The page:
The Way of Beauty 'Crowned with Glory and Honor' (Ps 8:1)

Through their fateful decision, our first parents lost their original innocence, abdicated their preternatural bliss, and incurred exile from the garden. Seduced by Satan’s lie, they grasped at what belonged to God alone. They proposed to step into the place of God.  In a flash, harmony shattered into cacophony, and order into disarray.  Of this tragedy, St. Paul writes: “Through one man, sin entered the world, and through sin, death, and this death has passed into all men because all have sinned in Adam” (Rom 5:12). Sin’s rancid odor requires cleansing that brings the fragrance of holiness.  In God’s mercy, the right purpose and order of creation would be re-established: God as creator, man and woman as creatures.
If the story of humanity is a love story or the failure of love, then all theology, in one way or another, probes this truth in terms of sins against love.  Modern skepticism has declared sin to be a medieval notion. In fact, the word sin is in danger of extinction.  This so-called logic goes as follows: ‘of course, men and women make mistakes, or mistakes are made, but there is no culpability, no sin.  We are victims of circumstances incapable of  being  held responsible for our choices and actions.’ Such is the non-judgmental culture, rife with relativism.   
Despite attempts to banish sin from the collective consciousness, it remains a firmly-held belief. “If we claim to be without sin, we deceive ourselves,” writes the Beloved Disciple (1Jn 1:8).  Sin disrupts our relationship with God breaking  the bond that exists between creator and creature.  Today, sin is institutional, structural, and personal.  We see it in warring nations, in the battle of the rich and greedy over the poor and weak, in heart-breaking starvation in one part of the world and unbridled affluence in another, and in the killing of developing infants in their mothers’ wombs. Sin brutally expresses humanity’s inhumanity on others.  If we think about it, sin is about the will to power, the will to dominate others.  Because of the first sin, the Word of God assumed the condition of a creature to bear the guilt of the world in order to restore the fallen Bride to divine friendship and restore her original beauty. 

The Image of the Garden and Bearing Fruit
The Psalmist uses the image of a garden to describe those who live in the well-being of beauty, truth, and goodness.  The just are fruitful in all they do because, at heart, they remain rooted in the Lord:

The just will flourish like the palm-tree and grow like a Lebanon cedar.  Planted in the house of the Lord, they will flourish in the courts of our God, still bearing fruit when they are old, still full of sap, still green, to proclaim that the Lord is just (Ps 92:12-15). . . . The just are like trees planted near streams; they bear fruit in season and their leaves never wither.  All they do prospers (Ps 1:3-4).

Despite the infidelity of the Israelites, to the Lord, they remained “the garden of delight”  (Is 5:7).  Even after God makes the Jews exceedingly beautiful, they are called “God’s faithless bride” (Ez 16:14).  All the while, Yahweh’s fidelity to them remains constant.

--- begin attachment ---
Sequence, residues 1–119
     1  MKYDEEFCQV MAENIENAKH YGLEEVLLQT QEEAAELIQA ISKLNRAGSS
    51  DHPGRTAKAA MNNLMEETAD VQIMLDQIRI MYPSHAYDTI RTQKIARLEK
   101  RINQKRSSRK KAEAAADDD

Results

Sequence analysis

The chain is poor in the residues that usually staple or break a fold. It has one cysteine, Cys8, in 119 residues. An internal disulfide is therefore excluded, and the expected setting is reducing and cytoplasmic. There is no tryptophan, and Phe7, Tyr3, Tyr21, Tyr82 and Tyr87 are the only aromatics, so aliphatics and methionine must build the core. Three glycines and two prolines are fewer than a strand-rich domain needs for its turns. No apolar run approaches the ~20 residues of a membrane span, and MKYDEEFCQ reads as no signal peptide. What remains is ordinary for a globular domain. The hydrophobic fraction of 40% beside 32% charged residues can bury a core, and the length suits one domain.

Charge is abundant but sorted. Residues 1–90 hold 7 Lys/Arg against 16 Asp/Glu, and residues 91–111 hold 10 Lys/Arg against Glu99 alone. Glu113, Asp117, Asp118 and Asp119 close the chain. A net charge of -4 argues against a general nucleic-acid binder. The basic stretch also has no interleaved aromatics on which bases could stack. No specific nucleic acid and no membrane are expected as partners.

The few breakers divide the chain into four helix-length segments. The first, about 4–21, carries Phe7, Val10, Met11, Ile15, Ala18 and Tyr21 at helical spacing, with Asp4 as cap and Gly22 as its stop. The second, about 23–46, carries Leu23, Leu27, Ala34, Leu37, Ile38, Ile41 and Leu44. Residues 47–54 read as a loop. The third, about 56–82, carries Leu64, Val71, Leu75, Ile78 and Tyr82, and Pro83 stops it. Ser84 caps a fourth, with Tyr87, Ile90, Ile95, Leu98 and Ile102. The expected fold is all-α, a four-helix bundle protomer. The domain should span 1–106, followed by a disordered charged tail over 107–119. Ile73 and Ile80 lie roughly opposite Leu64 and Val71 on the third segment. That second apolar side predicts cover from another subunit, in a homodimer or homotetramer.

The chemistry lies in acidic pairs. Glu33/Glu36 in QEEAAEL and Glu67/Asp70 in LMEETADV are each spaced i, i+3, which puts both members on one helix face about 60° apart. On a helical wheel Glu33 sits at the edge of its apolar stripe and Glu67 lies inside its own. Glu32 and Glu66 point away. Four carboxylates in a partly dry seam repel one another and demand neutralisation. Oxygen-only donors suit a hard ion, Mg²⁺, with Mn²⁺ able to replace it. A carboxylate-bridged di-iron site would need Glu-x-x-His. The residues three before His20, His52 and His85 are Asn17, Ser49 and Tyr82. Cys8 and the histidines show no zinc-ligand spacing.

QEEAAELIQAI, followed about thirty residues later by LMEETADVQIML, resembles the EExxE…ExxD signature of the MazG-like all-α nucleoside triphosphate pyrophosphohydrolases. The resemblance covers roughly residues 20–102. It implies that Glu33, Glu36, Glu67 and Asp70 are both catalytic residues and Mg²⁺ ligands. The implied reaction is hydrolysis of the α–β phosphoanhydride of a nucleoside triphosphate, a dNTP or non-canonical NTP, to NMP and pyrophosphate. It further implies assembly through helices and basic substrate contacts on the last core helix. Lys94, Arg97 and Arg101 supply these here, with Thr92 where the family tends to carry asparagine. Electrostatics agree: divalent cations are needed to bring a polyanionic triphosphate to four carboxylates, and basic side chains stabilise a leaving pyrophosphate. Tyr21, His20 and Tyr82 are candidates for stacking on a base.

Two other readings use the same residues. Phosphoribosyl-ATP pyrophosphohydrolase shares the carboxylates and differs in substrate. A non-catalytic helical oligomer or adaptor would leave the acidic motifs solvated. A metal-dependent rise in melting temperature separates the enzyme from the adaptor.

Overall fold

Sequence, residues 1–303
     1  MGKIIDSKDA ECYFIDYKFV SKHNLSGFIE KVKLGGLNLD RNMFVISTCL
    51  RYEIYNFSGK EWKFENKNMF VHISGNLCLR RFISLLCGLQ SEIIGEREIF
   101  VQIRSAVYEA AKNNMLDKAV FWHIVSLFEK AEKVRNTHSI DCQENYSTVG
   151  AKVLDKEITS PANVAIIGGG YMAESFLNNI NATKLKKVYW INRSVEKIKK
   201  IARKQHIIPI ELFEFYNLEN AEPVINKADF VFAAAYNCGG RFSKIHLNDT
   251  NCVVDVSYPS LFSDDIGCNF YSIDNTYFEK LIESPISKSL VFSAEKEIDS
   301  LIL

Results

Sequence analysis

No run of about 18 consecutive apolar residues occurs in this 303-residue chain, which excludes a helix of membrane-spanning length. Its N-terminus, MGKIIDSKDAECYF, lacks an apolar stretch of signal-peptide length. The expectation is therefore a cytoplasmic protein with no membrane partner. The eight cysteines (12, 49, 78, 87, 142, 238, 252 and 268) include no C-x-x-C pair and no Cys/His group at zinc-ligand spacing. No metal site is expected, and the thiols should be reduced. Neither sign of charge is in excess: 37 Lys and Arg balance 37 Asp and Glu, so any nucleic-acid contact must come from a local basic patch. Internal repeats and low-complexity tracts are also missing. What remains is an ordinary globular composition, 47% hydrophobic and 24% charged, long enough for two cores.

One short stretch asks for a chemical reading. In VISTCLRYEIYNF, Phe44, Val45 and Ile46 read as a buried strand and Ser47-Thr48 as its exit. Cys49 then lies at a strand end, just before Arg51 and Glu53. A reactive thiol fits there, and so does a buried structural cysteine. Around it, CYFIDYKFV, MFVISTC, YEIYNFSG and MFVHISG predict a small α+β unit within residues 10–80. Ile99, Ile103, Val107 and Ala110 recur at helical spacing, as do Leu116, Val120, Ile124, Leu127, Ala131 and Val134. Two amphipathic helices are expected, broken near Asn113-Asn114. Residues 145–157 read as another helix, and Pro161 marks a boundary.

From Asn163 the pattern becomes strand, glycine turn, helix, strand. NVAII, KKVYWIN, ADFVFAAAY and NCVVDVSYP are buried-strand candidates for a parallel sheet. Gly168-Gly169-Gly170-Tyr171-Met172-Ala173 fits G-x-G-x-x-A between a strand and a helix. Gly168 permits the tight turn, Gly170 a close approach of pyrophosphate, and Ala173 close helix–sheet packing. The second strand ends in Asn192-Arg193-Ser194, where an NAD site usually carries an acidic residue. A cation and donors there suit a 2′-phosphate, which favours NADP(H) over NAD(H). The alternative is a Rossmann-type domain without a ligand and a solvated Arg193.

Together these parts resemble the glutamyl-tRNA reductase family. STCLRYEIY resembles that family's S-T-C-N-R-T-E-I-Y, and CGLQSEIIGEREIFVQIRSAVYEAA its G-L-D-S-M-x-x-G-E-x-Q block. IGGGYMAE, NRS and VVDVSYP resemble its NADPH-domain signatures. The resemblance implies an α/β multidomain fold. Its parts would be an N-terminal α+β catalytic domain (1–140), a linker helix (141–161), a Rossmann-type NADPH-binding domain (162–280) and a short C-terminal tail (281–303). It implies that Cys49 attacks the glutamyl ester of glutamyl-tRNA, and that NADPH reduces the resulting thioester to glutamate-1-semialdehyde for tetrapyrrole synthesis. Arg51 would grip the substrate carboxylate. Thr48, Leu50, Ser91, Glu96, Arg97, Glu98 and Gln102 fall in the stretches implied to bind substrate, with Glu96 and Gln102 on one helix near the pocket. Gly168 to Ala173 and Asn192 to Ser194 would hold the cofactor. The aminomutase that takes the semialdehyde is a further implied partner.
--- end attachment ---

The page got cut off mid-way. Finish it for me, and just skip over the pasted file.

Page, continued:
The Christian scriptures are replete with images of fruitfulness.  In the mid-east, the fig, for example, is one of the healthiest and most delicious of all fruits, symbolizing divine blessing and abundance.  The barren fig tree has nothing to offer but misfortune. Jesus’ message is simple: we are expected to bear fruit in the garden, a metaphor for God’s kingdom.  

Bearing fruit means using our gifts to build a better world, beginning with the present. Not tomorrow, but now. Bearing fruit resembles a tree watered by running streams.  To paraphrase Jesus’ reminder: look at the fruit, and you will know whether or not it is sound (Mt 4:16).  Decayed leaves and fruit are cut down and thrown away.  The parable of the talents is a cautionary tale for those who would waste even one talent.  The man who buried his one talent was banished from his master’s household.  Where there is no fruit, there is no life (Mt 7:15-20).  The blessed fruit of Mary’s womb was the life of the world (Lk 1:42).  If the grain of wheat dies, it will bear much fruit, and if “they abide in me and I in them, they bear much fruit” (Jn 12:24; 15:5).  Then the Master will say: “Well done, thou good and faithful servant; enter into the court of the Lord” (Lk 19:17).

The Fruits of the Spirit
The Holy Spirit is the giver of life, the source of fruitfulness, the lifeblood and soul of the vine.  The Spirit guarantees a new fruitfulness in the New Pentecost of the Church.  As the branch derives life within the vine, so too, those who abide in Christ.  This familiar prediction echoes throughout the ages: “I have come that they may have life, and life in abundance” (Jn 10:10).  The overall secret to fruitfulness lies in living a life of love, expressed in beauty, truth, and goodness.  The Good Samaritan not only allowed himself to be inconvenienced for the sake of an outsider; he also spent extravagantly for his neighbor. To love as Jesus did is the distinguishing mark of Christian discipleship (Jn 14:6). In fact, a person who lives in God, as the branch in the vine, will perform not only the same works as he “but will do even greater ones” (Jn 14:12).  “May we bear fruit in the beauty of holiness, like a tree watered by running streams” (Office of Readings for Sunday, Week 1, Liturgy of the Hours.) 

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